An ornate colonial billiard table, on which Prince Albert, the Prince of Wales, once played at Buckingham Palace in London, has been acquired by the National Museum of Australia (NMA) for $1.1 million.
The table features intricate carvings of early days of colonial Australia including outback life, the gold rush and conflict between First Nations Australians and early settlers.
Director of the NMA, Dr Mathew Trinca, described the craftsmanship and design of the table as “extraordinary”, “a one-of-a-kind example of Australian colonial furniture making”.
“This truly unique acquisition, carefully carved from Tasmanian blackwood, perfectly showcases our colonial history and we are delighted to be able to share it with the nation,” he said.
Built in 1885 by Sydney-based billiard table manufacturer Ben Hulbert, its skilled carvings are the work of cabinet maker George Billyeald.
It was first shown at the 1886 Colonial and Indian Exhibition in London, at Adelaide’s Jubilee Exhibition in 1887 and at Melbourne’s Centennial Exhibition in 1888.
It was also displayed at Buckingham Palace in London where it was reportedly admired by Queen Victoria and played on by billiards enthusiast Prince Albert, the Prince of Wales, who was later to become King Edward VII.
Head of Collection Development and Information at the NMA, Dr Ian Coates, who oversaw the acquisition , said the table was a “one-off”.
He said it first came on to the NMA’s radar about 10 years ago but it was only two years ago when its acquisition became a possibility.
“We began negotiating with the anonymous owner back then,” he said. “They were very keen for it to go somewhere where it would be on public display so that sealed it for us.”
He described the colonial billiard table and matching scoreboard as “an unrivalled piece of craftsmanship that through the depiction of colonial life and native flora contributes to an understanding of our national identity and design history.
“Perhaps most signficant are the scenes of conflict between First Nations people and colonists included as part of life on the frontier,” he said.
“Such representions are rare. They are an important part of our national history – subject matter that was ignored for much of the 20th century which now forms part of the truth-telling about what happened in the history of our nation.”
The first sighting of the table in Australia was in 1895. A few years earlier, Hulbert had moved to the NSW South Coast working as publican at the Commercial Hotel, Milton. A pub visitor reportedly saw the billiard table there.
The next sighting was in 1912 in New Zealand where it was displayed in an Auckland shop and later showcased in the Auckland Exhibition. The story goes that it was given as a raffle prize to a C.R. Rainger of Auckland who in 1921, gave it to Ray Court, also from Auckland.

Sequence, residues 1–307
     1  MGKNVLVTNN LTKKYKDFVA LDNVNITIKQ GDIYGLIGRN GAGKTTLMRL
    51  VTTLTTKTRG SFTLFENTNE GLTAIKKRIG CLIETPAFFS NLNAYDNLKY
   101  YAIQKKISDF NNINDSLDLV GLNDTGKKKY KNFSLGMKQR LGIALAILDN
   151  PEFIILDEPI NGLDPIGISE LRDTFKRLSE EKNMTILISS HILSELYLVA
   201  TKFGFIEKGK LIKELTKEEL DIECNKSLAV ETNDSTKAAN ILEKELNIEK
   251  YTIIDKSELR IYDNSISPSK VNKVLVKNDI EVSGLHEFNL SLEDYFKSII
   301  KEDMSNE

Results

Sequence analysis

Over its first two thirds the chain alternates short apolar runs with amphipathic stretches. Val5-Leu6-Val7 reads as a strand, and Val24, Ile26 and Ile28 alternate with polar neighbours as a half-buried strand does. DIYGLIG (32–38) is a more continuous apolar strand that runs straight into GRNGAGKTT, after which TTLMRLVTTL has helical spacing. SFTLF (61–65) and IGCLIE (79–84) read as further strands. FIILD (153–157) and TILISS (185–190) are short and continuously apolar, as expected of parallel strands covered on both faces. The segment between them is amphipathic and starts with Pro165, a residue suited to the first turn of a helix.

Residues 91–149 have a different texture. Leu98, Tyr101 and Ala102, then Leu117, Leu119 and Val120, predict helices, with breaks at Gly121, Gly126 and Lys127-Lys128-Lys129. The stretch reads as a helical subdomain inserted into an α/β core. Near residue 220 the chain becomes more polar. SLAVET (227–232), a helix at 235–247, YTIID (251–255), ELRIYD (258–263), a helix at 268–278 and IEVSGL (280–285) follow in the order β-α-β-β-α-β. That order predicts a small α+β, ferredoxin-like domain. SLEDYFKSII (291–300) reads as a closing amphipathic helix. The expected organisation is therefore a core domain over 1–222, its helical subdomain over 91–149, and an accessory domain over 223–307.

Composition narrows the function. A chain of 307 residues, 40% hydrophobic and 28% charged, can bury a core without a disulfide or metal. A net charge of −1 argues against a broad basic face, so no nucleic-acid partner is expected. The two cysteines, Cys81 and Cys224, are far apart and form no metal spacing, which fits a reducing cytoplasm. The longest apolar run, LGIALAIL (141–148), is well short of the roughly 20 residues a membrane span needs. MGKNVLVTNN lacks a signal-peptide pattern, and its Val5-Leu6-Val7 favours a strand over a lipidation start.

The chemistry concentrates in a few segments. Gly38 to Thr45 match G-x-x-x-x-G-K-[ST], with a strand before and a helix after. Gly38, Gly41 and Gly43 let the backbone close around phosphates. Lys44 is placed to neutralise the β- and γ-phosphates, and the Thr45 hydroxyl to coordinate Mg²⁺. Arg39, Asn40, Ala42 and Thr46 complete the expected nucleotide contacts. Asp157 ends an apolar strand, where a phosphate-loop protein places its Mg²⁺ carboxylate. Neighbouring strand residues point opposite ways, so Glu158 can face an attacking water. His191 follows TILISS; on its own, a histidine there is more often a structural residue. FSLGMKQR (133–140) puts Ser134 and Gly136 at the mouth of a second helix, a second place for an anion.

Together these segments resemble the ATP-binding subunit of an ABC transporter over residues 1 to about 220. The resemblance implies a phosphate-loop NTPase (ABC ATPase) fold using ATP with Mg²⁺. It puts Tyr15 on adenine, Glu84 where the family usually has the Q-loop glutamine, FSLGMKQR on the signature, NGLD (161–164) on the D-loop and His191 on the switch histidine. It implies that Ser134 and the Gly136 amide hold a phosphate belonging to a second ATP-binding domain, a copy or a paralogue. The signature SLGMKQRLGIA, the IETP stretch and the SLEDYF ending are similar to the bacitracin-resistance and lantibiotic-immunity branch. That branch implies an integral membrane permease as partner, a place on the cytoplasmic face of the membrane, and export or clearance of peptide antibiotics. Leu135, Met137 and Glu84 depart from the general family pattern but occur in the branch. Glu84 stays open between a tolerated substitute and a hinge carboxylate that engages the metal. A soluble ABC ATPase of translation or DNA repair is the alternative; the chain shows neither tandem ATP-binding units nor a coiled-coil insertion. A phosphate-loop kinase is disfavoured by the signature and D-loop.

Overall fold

The next owner was a Captain Harry Carey, who acquired it prior to 1980 when it was sold at auction by Christie’s in London.
Dr Coates said because the table had led such a public life, including starring in a number of major exhibitions, it was easy to track its provenance over the years, allowing it to come to the NMA with its rich history well documented.
He said the table was in the hands of a number of private collectors before it was acquired by the NMA this year.
To get the two-tonne table to Australia, he said, involved some serious logistics.
“You’re looking at four slabs of Welsh slate … they’re about 250 kilos each. Then there are the legs and beams, they’re also quite substantial.”
He said it took five days to get the table from New Orleans to Sydney then Canberra. He saw it out of the United States and agents tracked it all the way to Canberra.
Dr Coates said as with all significant museum acquisitions, purchase of the billiard table involved a number of processes, including securing three independent valuations as well as looking at previous sales of similar items – although the latter was not easy in this case because the table was so rare.
The NMA paid the $1.1 million price with the support of the Australian Government through the National Cultural Heritage Account which contributed $550,000. It was also supported by the Pratt Foundation and donors to the NMA’s 2022 annual appeal.
It went on display today (Thursday 17 November) at the NMA in Canberra and will remain up on the mezzanine level until February next year.